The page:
The first time North Korea tested its submarine missile platform, it went so poorly that they had to photoshop a “success” photo. The second time, the missile cleared the surface but failed to do much more. This week, however, their sub-launched missile managed to travel 300 miles — far enough to worry and anger Japan and South Korea:
North Korea fired a submarine-launched missile on Wednesday that flew about 500 km (311 miles) towards Japan, a show of improving technological capability for the isolated country that has conducted a series of launches in defiance of UN sanctions.
Having the ability to fire a missile from a submarine could help North Korea evade a new anti-missile system planned for South Korea and pose a threat even if nuclear-armed North Korea’s land-based arsenal was destroyed, experts said. …
Jeffrey Lewis of the California-based Middlebury Institute of International Studies said the test appeared to be a success.
“We don’t know the full range, but 500 km is either full range or a full range on a lofted trajectory. Either way, that missile works.”
Lewis joins South Korean analysts in suggesting that the test didn’t allow for the missile’s full range. The higher angle of the launch shortened it by about half, according to Reuters’ report, and that its full range would have been 620 miles. To put that in perspective, Honshu (the main island of Japan) is about 145 miles wide at its peak. In fact, it’s only 810 miles long, which means that a North Korean submarine could potentially hit any point in Japan from almost any position around it.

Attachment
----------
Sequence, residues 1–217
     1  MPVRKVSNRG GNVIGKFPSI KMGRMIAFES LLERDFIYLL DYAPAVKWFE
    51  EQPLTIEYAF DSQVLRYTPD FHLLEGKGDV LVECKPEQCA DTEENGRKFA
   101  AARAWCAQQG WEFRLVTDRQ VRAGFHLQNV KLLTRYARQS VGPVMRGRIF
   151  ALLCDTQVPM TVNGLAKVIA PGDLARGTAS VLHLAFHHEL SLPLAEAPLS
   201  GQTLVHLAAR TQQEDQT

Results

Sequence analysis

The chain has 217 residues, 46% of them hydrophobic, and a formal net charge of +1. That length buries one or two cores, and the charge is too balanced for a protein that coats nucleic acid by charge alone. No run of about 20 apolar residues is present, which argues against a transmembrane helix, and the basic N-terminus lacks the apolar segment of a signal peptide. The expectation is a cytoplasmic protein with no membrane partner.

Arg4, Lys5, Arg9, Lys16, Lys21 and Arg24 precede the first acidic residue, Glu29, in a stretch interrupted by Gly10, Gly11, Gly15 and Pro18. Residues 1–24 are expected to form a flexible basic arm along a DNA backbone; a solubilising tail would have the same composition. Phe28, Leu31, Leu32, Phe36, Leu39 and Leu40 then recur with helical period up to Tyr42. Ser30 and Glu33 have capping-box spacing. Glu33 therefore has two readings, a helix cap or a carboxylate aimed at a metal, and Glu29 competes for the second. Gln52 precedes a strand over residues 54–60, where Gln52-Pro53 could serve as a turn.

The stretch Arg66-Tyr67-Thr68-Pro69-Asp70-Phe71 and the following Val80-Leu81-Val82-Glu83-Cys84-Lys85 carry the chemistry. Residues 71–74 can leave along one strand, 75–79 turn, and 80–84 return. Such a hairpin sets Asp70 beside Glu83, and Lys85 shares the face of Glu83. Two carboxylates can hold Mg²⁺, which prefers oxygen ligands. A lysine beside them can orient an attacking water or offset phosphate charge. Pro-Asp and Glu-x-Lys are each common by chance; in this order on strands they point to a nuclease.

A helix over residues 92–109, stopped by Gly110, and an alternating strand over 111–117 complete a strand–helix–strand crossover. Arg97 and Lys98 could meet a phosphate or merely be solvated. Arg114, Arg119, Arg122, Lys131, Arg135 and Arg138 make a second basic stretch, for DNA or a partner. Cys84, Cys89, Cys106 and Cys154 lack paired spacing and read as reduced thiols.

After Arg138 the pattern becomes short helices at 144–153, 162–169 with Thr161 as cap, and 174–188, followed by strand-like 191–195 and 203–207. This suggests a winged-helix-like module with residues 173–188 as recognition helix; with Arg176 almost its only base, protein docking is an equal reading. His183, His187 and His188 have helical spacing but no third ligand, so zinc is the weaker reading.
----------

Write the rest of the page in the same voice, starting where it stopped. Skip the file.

Or to put it in another context: A sub off the West Coast could theoretically launch a missile that could hit targets as far into the US as Phoenix, Las Vegas, and Boise. The range on the East Coast would put targets in as far as Cincinnati, Buffalo, Atlanta, and possibly Detroit. That’s not exactly a new concept for the US, as Russian boomers had even greater capabilities; we’ve lived under that threat for decades. The difference is that the Russians have been (relatively) rational opponents, who have a lot to lose in that kind of exchange and have no real use for that level of destruction. The Kim regime, on the other hand, operates on a less-rational basis and has much less to lose.
Reuters quotes Joshua Pollack, editor of the U.S.-based Nonproliferation Review, as saying this was as much about prestige and respect as it was about acquiring the military strength to carry out the attack. That may well be true, but … does anyone want to bet on that? They are working on miniaturizing nuclear warheads to fit onto missiles like the one launched this week, and are likely developing longer-range submarines to deploy them when they succeed in their nuclear-warhead development. They may not deserve respect, but they are becoming an existential threat to key American allies in the region and no small threat to us, too. Toying with the UN and the six-nation debate society hasn’t done anything to curb that threat. It might be time for a new approach.